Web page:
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Should You Try IV Therapy?

Dave Dickens woke up one morning last October in Key West wishing he hadn't. "It feels like somebody is hitting me with a baseball bat in the head," recalls Dickens, a 60-year-old "play hard, live hard" kind of guy who had knocked back more than a few drinks the night before.

So when he passed an IV clinic – advertised as a hangover cure – later that morning, he went in, remembering the time a friend's wife had gone to the emergency room to get an IV after drinking too much. The 45-minute treatment, which involved an intravenous infusion of vitamin-rich fluids, turned Dickens' vacation around. While that morning, he had sworn off alcohol forever, that night, he hit the town again.

"It was unbelievable," says Dickens, who owns a car dealership in Chicago. "Right away, you start feeling it, but 45 minutes later, you feel almost 100 percent – no hangover." He's since been to IV clinics in New Orleans, San Francisco, South Carolina, Atlanta and visits one locally near-weekly – hungover or not. "It just makes me feel better – it's amazing," he says.

IV therapy has been used for decades in hospitals to treat a range of conditions, from dehydration to nutrient-absorption disorders, but it's increasingly offered at independent clinics and through house call-type services that pledge to help people feel better without clogging already-burdened emergency departments. And, while it may be most buzzed about as a hangover cure in party cities like Las Vegas, New Orleans and Los Angeles, IV therapy is also given to people with migraines, fibromyalgia and chronic fatigue syndrome, as well as those who want a nutritional, athletic, energy, beauty or immunity boost.

"It works because if you look at vitamins and minerals, along with hormones and other chemicals in the body, these are the body’s building blocks; they’re our body’s natural pharmacy, and they’re used in numerous physiological pathways,” Dr. Jason Hartman, an osteopathic medicine physician who founded and directs RestoreIV in Philadelphia, says. “Those pathways get taxed, and that’s why [the therapy] is amenable to these numerous conditions.”

The contents of the drips vary depending on the patient's aim, but many, including the popular Myers' cocktail, contain magnesium, vitamin C, calcium and some B vitamins. The claim? By delivering a high concentration of vitamins and minerals straight to the bloodstream, the body can reap their benefits more effectively than popping pills, which aren't entirely absorbed through the gastrointestinal tract.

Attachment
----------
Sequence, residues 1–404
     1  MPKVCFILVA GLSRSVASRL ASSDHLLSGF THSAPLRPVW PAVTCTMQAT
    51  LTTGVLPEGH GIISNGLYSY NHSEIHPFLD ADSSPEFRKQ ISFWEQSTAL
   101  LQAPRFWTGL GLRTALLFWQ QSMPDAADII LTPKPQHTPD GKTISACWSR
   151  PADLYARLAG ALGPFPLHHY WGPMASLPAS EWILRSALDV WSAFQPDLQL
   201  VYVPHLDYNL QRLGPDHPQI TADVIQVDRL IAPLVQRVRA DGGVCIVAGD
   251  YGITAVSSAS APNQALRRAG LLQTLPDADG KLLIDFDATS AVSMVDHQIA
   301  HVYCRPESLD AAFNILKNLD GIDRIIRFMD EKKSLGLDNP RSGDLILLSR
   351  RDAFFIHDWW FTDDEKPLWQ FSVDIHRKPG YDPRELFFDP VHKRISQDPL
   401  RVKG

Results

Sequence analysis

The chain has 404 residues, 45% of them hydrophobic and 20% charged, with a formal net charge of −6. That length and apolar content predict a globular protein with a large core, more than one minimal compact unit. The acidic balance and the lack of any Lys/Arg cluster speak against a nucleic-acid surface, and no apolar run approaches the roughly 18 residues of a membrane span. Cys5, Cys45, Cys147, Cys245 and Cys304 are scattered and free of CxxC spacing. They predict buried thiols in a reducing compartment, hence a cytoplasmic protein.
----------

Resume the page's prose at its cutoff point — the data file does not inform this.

"What you put in your body controls how your cells function at the cellular level, and when your cells are working properly, your organs are working properly, and when your organs are working properly and optimally, your overall health improves," explains Dr. Maurice Beer, an internal medicine physician who co-founded and directs The Hangover Club and NutriDrip, two such services in New York City. "In most cases, people just feel better – their energy improves, they sleep better and just feel lighter," he adds.

For Kara, a 42-year-old in Delaware whose last name has been kept private, visiting RestoreIV about a year ago warded off the dizziness, fatigue and various stomach issues she'd been experiencing since undergoing bariatric surgery several years before. "I was just surprised at how it changed my ability to function in the world and to do my job because the lethargy really went away," says Kara, who works for the headquarters of a large retail company in Philadelphia. Plus, the injections of magnesium, B-complex, vitamin B12, vitamin C and the antioxidant glutathion, which she now receives every other week, allow her to take just a couple oral supplements a day; before, she took 60 because her weight-loss surgery limited the amount of nutrients her body could absorb through food alone.

"Now I feel really positive about [the procedure]," she says. "There was a period there where I was questioning whether it was the right move."


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